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Facts About Bean Plants

By Deborah Waltenburg ; Updated September 21, 2017

Beans of all shapes, sizes and colors are an excellent source of vitamins, minerals, protein and fiber. Since prehistoric times, beans have been a source of sustenance for humans and animals alike. Today, beans are grown and consumed in massive amounts all over the world. From mouth-watering southern-style baked beans to delicate steamed haricots verts served with lemon and butter, beans provide a wealth of flavor and health benefits.

Defining Beans

Beans are actually just the seeds that grow the bean plant. Some of the beans eaten as ripened seeds include adzuki, anasazi, black, cranberry, garbanzo, kidney and pinto. Green, or snap, beans are unripened seeds of any bean plant. There are over 130 varieties of snap beans, which can be green, red, yellow or purple in color and a variety of widths and lengths.

Propagation of Beans

The most effective method of propagating beans is to collect the seeds after the plant has matured. To harvest seeds for snap, lima, fava or other beans that are eaten before the plant matures, some pods are left on the plant to dry. Usually six weeks after the last harvest of edible beans, the plants are pulled up whole and the bean seeds are removed from the pods by a process of threshing and cleaning.

Growth Cycle of Bean Plants

Germination (sprouting) of bean seeds takes five to seven days. It takes roughly six weeks from the time of planting until it reaches the flowering stage. The flowering stage is the time when the bean plants pollinate themselves in order to produce the bean pods. Once the blooms wither, bean pods begin to form and are typically ready for edible harvest within two weeks. Determinate (bush variety) bean plants will produce one or two rounds of edible harvest while indeterminate (pole variety) bean plants will continue to produce bean pods throughout the growing cycle.

Bean Plant Care

Water, sunlight, and the occasional dose of fertilizer are essential to healthy, productive bean plants. Before planting, an application of a 5-10-10 fertilizer at a rate of one cup every 50 feet should be worked into the soil. After plants are established and blooming has ensued, another application may be applied along the rows and worked into the soil with water. Too much nitrogen, however, should be avoided as it will result in lots of leaves and very few beans. Beans need at least 1 inch of water per week, but excess moisture should be avoided because it can cause blossom drop and poorly formed beans. Mulching around the base of each plant is recommended to retain even moisture levels and prevent weeds.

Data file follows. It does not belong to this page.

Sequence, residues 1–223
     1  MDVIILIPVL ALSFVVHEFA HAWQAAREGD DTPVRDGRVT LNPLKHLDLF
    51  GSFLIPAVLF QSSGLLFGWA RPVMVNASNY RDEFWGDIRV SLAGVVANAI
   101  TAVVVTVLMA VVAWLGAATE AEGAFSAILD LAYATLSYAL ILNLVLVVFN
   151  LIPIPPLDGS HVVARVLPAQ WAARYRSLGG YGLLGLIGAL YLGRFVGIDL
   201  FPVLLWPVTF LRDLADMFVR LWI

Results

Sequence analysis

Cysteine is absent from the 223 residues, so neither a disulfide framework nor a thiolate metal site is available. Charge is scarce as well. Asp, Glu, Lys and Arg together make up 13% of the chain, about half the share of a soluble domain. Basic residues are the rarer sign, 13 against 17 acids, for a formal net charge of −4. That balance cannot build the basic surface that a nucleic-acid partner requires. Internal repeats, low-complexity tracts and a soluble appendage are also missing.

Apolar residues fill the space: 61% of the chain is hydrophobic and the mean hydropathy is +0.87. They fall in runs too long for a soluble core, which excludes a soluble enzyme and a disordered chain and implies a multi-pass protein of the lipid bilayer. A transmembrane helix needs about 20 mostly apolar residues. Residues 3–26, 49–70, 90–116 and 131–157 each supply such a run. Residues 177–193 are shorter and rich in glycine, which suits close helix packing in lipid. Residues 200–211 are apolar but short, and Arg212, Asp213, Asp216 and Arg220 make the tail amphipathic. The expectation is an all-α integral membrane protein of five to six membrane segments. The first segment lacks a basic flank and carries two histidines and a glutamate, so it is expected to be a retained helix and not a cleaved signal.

Bugs in the Beans

While some insects may be beneficial to the plant world, there are a host of pests that can wreak havoc on bean plants. Aphids, bean beetles, leafminers, thrips, stink bugs, borers and spider mites can chew through the blossoms, leaves and stems of the bean plant. Some insects, such as aphids, can even transport diseases that will further injure the bean crop. Removal of dead plant debris and regular tilling can help to control the insect population in the garden setting. There are also a wide variety of insecticides that can be used to destroy and deter further infestations.

Common Bean Plant Diseases

There are a host of bacterial and fungal diseases that can attack and decimate bean crops. Rust, bacterial blight, root rot, bean common mosaic virus and white mold can attack the leaves, beans and roots of the plant. Crop rotation, proper moisture levels and fungicides can help to prevent or alleviate these infestations.


About the Author


Based in Ohio, Deborah Waltenburg has been writing online since 2004, focusing on personal finance, personal and commercial insurance, travel and tourism, home improvement and gardening. Her work has appeared on numerous blogs, industry websites and media websites, including "USA Today."